Rethinking "Mean Tweets" for Hip-Hop, Why "12% of Industry Revenue" is Different for Desiigner and Beyoncé

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Rethinking “Mean Tweets” for Hip-Hop

Last week, The Jimmy Kimmel Show had another version of Mean Tweets - Hip-hop Edition. Lil’ Wayne, Eve, Pusha T, Remy Ma, and other artists read scathing comments about themselves:

Mean Tweets is arguably the most popular segment on late night television. The 36 official Mean Tweets clips on YouTube have been streamed nearly 1 billion times combined.

While Kimmel continues to strike while the iron is hot, there’s an opportunity for other media outlets to capture some of the long tail. Social media has evolved, and Kimmel’s segment hasn’t changed since 2012. Black Twitter and Instagram have found other clever ways to clown artists with memes and cultural jokes. Kimmel’s audience is too broad for some of those jokes to make the show.

This paves the way for several outlets—Desus & Mero’s upcoming Showtime late night show, Complex, or Revolt—to get hip-hop artists to read mean tweets and memes about themselves that come directly from the depths of Black Twitter. Each of those outlets is quickly expanding its online video content. It’s a great opportunity.

For example, Compton (Bompton) rapper YG has become a punchline on social media because of his hairline. His line-up is not well-defined, leaving many to question how a multi-millionaire rapper, who is not balding, rocks this look:For the last couple weeks, Twitter has compared the “Big Bank” rapper’s hairline to the black Power Ranger’s hairline from the 90s TV show Mighty Morphin’ Power Rangers. The black ranger’s hairline has recently surfaced as its own running joke:

Imagine a segment where YG and the black Power Ranger (Walter Emmanuel Jones) read these tweets about themselves? These types of jokes are waiting to be curated, produced, and shared in a broader format.

Why “12% of Industry Revenue” is different for Desiigner and Beyoncé

Last week, Citigroup released Putting the Band Back Together: Remastering the World of Music, an 88-page report that analyzed the music industry. The most noteworthy figure was the percentage of revenue that artists capture:

Artists’ share of music revenues is small. In 2017, artists captured just 12% of [the $43 billion] music revenue with most of the value leakage driven by the costs of running a myriad of distribution platforms — AM/FM radio, satellite radio, Internet distributors — augmented by the costs (and profits) of the record labels. The proportion captured by artists is, however, on the rise (it was just 7% of industry revenues in 2000).

Many media publications ran the 12% headline stat, fueling the common assumption that the artists are worse off today than ever before (even though the percentage has increased since 2000—when the industry was at its peak before piracy and digital music took off).

According to Billboard, music industry executives have disputed the report’s findings with three complaints:

  1. The major companies cited and featured in Citi’s report never heard from analysts prior to the report being published -- raising concerns about incentives and conflicts of interest.

  2. Multiple data points used to drive Citi’s arguments, particularly around record contracts and licensing deals, either make sweeping generalizations or are inaccurate.

  3. Indie artists and labels are concerned about Citi’s conclusions that further industry consolidation will also give artists a greater share of the revenue pie.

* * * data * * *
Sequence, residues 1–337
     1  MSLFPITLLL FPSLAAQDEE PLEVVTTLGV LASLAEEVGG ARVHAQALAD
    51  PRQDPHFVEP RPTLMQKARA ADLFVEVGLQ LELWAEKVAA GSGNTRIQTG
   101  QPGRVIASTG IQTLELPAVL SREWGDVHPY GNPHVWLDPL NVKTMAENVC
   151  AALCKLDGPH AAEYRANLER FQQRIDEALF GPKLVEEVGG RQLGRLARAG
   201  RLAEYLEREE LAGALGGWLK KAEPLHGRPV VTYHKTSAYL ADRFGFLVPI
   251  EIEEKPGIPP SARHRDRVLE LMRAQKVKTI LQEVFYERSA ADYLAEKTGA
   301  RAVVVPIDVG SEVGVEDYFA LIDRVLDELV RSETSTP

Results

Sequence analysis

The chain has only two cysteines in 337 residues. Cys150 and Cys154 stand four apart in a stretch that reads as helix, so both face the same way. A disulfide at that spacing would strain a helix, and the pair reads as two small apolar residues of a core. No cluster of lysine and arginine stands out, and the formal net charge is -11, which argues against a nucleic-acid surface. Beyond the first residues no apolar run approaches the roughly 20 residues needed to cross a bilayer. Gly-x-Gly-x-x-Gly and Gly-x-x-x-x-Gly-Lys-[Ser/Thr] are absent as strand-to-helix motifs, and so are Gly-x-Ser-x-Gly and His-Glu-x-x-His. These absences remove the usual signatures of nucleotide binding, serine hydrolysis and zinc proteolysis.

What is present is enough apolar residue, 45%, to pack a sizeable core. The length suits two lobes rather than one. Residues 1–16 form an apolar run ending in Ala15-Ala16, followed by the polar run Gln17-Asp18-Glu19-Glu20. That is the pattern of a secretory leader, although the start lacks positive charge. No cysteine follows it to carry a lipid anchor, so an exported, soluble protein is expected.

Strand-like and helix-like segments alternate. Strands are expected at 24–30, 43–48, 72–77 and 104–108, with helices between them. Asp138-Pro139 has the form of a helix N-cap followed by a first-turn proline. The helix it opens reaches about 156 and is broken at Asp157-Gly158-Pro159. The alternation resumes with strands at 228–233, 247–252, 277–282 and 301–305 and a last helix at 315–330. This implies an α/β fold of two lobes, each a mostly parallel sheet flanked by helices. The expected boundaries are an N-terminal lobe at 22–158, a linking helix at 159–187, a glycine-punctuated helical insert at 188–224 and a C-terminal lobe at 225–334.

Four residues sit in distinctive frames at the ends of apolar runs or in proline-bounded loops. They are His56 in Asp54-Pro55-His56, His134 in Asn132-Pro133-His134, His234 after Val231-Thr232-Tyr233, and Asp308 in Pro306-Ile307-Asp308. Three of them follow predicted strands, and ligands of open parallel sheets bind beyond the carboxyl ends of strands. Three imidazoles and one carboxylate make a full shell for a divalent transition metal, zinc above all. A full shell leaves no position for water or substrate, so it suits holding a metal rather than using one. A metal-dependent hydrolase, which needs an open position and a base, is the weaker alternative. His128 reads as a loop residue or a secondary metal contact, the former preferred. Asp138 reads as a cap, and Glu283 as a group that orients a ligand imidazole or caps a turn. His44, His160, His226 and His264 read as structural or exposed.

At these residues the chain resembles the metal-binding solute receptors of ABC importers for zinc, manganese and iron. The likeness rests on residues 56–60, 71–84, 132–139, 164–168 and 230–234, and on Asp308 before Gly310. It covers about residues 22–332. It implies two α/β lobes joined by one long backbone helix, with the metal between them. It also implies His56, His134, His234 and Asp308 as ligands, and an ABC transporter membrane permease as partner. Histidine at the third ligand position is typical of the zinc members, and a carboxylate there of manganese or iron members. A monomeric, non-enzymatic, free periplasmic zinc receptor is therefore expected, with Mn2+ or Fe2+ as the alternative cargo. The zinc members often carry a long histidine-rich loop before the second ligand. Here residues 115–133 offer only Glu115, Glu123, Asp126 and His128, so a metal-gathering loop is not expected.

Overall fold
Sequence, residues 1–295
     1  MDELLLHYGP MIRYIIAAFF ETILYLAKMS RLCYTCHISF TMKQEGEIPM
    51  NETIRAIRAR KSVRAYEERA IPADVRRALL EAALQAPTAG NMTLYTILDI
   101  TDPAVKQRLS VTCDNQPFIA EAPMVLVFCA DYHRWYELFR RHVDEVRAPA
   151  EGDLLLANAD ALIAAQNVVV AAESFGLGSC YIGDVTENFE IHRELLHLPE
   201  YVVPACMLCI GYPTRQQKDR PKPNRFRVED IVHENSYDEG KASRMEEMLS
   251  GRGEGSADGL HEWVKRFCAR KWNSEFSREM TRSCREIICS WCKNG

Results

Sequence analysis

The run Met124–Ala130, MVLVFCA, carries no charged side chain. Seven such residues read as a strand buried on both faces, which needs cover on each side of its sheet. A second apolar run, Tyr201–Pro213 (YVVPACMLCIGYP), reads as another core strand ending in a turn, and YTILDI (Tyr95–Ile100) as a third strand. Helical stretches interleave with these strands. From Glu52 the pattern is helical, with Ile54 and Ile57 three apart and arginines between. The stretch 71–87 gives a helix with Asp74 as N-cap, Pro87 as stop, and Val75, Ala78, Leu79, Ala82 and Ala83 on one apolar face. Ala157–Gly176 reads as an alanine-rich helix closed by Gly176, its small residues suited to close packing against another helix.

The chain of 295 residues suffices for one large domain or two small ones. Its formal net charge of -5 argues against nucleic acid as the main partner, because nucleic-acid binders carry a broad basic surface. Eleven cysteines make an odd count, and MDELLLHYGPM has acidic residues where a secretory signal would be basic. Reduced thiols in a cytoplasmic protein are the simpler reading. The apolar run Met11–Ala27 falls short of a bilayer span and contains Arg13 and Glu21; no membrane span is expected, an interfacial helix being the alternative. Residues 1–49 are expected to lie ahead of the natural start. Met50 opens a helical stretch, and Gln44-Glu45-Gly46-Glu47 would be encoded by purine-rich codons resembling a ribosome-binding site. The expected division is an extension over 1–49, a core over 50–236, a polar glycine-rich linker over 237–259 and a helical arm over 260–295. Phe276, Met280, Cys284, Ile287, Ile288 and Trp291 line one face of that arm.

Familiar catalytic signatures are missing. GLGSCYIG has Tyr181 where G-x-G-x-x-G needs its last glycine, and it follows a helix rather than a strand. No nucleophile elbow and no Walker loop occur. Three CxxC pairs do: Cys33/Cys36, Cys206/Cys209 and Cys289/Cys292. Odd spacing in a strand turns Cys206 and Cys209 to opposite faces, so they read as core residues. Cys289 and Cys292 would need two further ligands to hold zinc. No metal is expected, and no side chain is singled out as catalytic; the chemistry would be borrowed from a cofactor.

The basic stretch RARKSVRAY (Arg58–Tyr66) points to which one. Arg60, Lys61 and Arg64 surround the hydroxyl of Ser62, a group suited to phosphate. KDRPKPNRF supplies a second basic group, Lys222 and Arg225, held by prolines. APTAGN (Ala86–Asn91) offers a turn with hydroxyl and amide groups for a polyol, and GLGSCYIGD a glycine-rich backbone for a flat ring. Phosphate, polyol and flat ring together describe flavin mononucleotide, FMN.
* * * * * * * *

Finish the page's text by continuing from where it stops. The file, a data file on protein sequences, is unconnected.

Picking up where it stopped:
The first dispute could have been addressed with a courtesy check-in with industry executives. Key stakeholders respond more positively to public reports when given a “heads up” preview (if possible), even if they disagree with the findings. But the second and third points are interesting.

Today’s artists generate music revenue in different ways. An artist like Desiigner—who complains about not getting radio play and relies on all revenue-generating formats—earns closer to the generalized 12% number. An artist like Beyoncé—who could give “two fucks about streaming numbers” and keeps Lemonade behind Tidal’s paywall—earns closer to the “high 20s or mid 30s” in percentage share, according to a major label source who responded in the Billboard’s story. Each artist’s share falls somewhere on the spectrum between the “Panda” rapper and Mrs. Carter. The 12% figure is not perfect, but in an industry with many more Desiginers than Beyoncés, its makes sense why a conservative number was chosen.

The last point on industry consolidation is questionable. The report stated that vertical integration in the industry would “allow artists to capture more of music’s value while allowing Internet-based music distributors to capture profit pools currently earned by the music labels.” The Billboard report contested that consolidation will lead to more powerful companies, making the artists themselves weaker.

Look at Spotify’s RapCaviar playlist, which now has over 10 million followers. It has already become a right of passage for hip-hop artists. If Spotify became a music label (which has been long rumored) or partnered with a ticket distributor like Live Nation, which was hypothesized in the Billboard article, the weekly rap playlist could become a true barrier to entry in hip-hop. It would be more critical for up-and-coming artists to get their songs placed on the weekly playlist. This makes Spotify stronger and the individual artist weaker.

Also, the streaming giant as been operating at a negative run rate for years now. It’s highly unlikely that after an acquisition, Spotify would share any captured value with artists. The Swedish company would used that money to keep growing its business.

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Trapital is written by Dan Runcie. Contact me at dan@danruncie.com